Tuesday, October 22, 2013

Meow

So, we've had a little drama around here this morning. It went a little something like this...

<< Email arrives inbox>>

 Email: Hey! Here is a picture of a really cute kitten that needs a home. We found it and if it doesn't get a home, the humane society will stick it in a bag and drown it. (ok, I "may" be paraphrasing here)

Me <<sends email to Eric.>>: Hey, know anyone who wants a cat?
 
(the below is copy/pasted directly from email)
 

E: Us?

Me: I wasn’t thinking about us, but do you want a kitty? It IS pretty cute, but I know NOTHING about caring for cats. Can I keep it in a box until you get home?


(second email) How young is too young to declaw a kitten? And, if I use the brush attachment, can I vacuum the dander and hair directly off of it?
 
E: You're funny.  

E: Can we be the last hope for kitty?

Me: You mean, we’ll take him/her if no one else does?
 
E: Maybe??
 
Me: OK. I emailed J (Thinking, no way there is a chance that this cat is coming to our house, so this is safe, right?) 
Me, to J: Let me know if no one else takes this tiny troublemaker. I’ve never had a pet, but cats are supposed to be more independent than dogs, and my husband really wants a pet. If no one else takes him, I will learn to be a pet mommy. But, this really has to be last resort - like, if its a choice between the needle and home, we'll take him, but if ANYONE else wants him, they get him.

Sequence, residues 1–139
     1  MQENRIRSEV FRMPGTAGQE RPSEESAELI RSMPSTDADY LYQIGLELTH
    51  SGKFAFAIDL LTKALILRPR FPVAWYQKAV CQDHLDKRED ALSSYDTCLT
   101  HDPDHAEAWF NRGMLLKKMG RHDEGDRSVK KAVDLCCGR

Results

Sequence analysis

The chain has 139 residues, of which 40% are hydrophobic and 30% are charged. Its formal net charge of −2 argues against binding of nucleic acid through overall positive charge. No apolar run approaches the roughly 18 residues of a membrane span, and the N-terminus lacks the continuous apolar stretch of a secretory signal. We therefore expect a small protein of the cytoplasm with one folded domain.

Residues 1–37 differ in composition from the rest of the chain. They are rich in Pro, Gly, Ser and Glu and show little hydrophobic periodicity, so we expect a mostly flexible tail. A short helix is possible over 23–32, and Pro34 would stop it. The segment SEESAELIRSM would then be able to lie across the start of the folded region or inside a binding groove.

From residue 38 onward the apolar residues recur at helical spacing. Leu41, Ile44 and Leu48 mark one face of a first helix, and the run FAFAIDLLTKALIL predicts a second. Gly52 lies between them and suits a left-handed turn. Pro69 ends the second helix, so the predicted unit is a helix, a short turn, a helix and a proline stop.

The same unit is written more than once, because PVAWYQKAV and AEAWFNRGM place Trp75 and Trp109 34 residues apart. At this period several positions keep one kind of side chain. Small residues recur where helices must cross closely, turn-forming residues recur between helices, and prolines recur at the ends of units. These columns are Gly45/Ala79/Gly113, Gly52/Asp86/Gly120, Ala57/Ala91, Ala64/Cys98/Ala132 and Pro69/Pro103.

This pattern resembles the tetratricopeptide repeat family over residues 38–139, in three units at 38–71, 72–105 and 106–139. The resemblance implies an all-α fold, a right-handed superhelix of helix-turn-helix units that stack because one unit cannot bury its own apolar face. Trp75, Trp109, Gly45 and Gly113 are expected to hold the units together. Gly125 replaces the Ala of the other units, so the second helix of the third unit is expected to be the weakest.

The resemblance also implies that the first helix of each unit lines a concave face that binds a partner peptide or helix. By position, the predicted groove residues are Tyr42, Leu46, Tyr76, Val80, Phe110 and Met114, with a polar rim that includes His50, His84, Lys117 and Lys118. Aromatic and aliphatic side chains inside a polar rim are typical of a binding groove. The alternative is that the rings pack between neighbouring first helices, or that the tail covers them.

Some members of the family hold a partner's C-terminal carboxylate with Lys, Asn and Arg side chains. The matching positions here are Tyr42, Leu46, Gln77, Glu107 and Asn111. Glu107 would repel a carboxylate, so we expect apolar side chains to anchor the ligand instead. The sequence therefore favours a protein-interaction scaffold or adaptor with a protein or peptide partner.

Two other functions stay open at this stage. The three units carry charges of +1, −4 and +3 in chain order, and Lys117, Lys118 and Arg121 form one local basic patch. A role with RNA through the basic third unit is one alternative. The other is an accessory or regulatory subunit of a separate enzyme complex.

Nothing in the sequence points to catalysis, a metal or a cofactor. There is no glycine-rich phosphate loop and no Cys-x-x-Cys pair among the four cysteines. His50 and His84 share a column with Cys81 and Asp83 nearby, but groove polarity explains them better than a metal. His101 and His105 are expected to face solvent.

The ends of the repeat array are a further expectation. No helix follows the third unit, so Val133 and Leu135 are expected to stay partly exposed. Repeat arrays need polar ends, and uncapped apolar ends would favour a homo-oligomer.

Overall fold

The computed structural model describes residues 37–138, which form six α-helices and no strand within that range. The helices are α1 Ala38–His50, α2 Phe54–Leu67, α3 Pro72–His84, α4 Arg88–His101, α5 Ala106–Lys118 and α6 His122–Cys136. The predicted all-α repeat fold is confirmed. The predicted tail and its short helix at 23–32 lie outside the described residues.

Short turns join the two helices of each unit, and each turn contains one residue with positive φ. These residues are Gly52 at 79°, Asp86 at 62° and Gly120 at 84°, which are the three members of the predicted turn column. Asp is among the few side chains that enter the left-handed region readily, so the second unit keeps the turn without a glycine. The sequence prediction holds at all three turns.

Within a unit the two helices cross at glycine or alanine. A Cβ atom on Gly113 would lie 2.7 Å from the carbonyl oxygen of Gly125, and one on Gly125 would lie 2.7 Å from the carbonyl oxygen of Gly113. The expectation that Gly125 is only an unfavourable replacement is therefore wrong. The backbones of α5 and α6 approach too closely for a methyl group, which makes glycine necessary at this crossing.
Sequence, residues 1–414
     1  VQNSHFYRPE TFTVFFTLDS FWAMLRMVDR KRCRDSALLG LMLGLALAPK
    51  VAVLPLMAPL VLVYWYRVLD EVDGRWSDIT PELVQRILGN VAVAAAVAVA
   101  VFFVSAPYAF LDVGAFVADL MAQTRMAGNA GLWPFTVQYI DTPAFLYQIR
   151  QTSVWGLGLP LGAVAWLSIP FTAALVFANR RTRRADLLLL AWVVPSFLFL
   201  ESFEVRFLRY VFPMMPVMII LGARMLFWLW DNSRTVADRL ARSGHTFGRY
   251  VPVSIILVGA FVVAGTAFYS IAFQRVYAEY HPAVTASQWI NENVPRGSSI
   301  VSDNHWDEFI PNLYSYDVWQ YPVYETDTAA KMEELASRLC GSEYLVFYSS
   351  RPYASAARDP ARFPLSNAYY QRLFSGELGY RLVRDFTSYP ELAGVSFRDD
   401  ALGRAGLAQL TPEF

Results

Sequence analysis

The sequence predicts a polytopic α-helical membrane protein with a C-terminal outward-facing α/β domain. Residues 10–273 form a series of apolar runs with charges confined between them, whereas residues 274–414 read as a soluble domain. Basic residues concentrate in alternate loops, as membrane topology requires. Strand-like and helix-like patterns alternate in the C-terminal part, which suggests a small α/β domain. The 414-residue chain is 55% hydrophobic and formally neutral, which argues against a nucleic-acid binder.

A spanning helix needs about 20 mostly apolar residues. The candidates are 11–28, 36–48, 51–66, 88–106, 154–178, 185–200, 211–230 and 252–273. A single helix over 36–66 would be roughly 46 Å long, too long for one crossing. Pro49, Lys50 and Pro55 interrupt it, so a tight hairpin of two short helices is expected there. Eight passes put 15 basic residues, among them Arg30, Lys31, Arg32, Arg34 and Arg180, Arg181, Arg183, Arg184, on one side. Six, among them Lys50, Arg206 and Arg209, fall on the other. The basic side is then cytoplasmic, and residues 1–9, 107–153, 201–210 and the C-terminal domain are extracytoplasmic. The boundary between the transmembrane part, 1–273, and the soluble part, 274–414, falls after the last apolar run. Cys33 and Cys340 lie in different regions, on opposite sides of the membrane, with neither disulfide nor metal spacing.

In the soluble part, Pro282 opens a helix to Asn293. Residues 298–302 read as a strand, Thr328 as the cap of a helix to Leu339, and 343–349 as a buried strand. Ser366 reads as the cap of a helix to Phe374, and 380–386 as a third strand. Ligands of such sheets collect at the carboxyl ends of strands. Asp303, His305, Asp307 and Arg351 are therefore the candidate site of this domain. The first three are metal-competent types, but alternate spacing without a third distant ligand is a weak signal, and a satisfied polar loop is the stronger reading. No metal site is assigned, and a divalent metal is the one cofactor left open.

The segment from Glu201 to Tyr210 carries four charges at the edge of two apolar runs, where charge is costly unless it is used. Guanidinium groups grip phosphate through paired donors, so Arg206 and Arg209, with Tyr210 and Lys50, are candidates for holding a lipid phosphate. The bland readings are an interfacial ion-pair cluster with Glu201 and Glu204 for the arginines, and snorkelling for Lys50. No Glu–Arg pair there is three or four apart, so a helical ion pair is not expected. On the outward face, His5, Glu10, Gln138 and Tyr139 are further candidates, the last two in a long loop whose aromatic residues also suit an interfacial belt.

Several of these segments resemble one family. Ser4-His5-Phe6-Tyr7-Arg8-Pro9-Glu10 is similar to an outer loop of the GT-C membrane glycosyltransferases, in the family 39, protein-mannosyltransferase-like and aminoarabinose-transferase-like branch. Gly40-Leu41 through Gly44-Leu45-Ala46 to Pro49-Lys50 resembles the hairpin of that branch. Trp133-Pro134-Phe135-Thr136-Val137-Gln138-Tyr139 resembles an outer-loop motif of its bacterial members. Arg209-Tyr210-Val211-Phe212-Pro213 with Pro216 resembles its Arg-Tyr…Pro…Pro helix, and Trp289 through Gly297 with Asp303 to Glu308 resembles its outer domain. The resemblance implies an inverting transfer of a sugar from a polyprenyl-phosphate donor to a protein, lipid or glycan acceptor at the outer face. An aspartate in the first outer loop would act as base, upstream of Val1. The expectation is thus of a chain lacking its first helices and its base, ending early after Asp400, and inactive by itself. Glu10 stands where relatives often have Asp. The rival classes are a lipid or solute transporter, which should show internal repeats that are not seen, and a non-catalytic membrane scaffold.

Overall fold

<<Approximately .6 seconds later>>
 
J, to our entire 100 person department:  The kitty has found a home!  As long as he’s still available, you can congratulate Megan on the new addition to her family. J

Me, to J: J! Seriously! Last resort!


Panic ensues. And by ensues, I mean, I am panicking, thinking that I am going to have to pick up this cat tonight, and take it home. I am planning on having rice and beans for dinner. Do kittens eat rice and beans? What is it going to do while I sleep? Will it be ok? What if it needs something and I'm sleeping? Is it going to pee on the carpet? I'm going to get this thing home, and I'm going to look at it, and it's going to look at me, and I'm going ask it what it wants, and its just going to stare at me because CATS DON'T TALK! Crap, what have I done? Why did I even let this become a possibility. This was stupid, this may be the stupidest thing I have ever done. Oh, my, GOD I DON'T KNOW HOW TO TAKE CARE OF AN ANIMAL! AND ERIC IS IN CHICAGO AND THIS THING IS GOING TO BE IN MY HOUSE!

By this point, I am pretty much in tears, having a full on anxiety moment about this cat, and what in the holy !#%#@ I have done here.

Long story short, we aren't  getting a cat. We found a family for it who is MUCH better prepared for this kind of thing than I am, obviously.

Remind me not to do this again.

Thursday, October 17, 2013

Fall in Colorado

It is most assuredly fall in Colorado. We took the Thursday after I got back from Bolivia off and did a color drive through the front range.



 
Wow.

Wednesday, October 16, 2013

You ate what?

So, I've had the opportunity now to travel to a number of different places, and most recently, some more far flung corners of the earth. Lots of people ask (and by lots of people, I mean mostly my parents) ask "what is the food like there?"